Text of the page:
Pinpointing the early stages of corporate decline: A prediction model for business distress in large Nordic listed firms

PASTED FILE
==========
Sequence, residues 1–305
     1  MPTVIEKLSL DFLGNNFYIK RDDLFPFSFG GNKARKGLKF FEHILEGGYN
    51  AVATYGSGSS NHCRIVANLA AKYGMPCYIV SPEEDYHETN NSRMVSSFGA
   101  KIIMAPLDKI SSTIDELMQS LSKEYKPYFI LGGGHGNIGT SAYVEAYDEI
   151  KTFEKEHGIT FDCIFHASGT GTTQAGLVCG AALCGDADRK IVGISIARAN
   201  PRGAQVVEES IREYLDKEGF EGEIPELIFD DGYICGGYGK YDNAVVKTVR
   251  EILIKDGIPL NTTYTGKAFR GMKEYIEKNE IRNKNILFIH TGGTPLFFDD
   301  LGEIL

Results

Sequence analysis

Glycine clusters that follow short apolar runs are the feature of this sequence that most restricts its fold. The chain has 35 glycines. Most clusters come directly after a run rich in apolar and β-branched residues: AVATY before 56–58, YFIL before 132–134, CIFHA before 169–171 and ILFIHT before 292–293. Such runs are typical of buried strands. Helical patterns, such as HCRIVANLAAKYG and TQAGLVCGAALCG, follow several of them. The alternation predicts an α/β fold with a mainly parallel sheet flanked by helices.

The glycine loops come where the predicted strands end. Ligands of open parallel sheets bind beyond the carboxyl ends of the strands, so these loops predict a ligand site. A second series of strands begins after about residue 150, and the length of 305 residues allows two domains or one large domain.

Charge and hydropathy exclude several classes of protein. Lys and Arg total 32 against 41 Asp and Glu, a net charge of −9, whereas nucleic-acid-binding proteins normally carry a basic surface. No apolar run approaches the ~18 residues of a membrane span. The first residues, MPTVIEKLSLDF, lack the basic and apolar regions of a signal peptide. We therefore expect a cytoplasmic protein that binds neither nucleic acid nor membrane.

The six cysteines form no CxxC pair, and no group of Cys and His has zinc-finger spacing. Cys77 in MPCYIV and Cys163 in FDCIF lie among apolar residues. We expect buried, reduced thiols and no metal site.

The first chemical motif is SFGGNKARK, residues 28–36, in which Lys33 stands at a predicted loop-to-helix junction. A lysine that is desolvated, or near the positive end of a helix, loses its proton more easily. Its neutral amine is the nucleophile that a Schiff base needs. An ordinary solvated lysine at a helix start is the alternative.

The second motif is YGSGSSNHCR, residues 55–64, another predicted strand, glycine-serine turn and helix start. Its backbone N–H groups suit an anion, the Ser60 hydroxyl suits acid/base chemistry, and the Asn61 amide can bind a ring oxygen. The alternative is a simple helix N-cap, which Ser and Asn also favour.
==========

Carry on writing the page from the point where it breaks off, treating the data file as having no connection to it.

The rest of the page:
Abstract: This paper attempts to analyze the multidimensional nature of corporate decline for large, publicly held firms in Denmark, Finland, Norway and Sweden to determine (i) whether early stage decline can be clearly distinguished and (ii) whether it can be predicted in advance by investors and analysts using cross-disciplinary determinants. In doing so, we attempt to standardize commonly used key terms pertaining to corporate failure, and to aggregate the various approaches used by academia, credit rating firms, and turnaround professionals to investigate firms using data from 2001 to 2011. Early stage decline is herein referred to as business distress, and it precedes financial distress and insolvency, which are defined as the subsequent stages of the decline progression. We find evidence supporting the notion that business distress is a distinguishable sub-stage of decline that can be objectively identified using qualitative determinants, and classified as it occurs through the use of accounting ratios related to financial gearing, covenants, profitability, and liquidity, as well as market factors, and company characteristics. We conclude that business distress can be predicted by logistic regression using various combinations of these factors up to five years prior to the occurrence of a "distress event", with an in-sample classification accuracy ranging from 72% to 78%.
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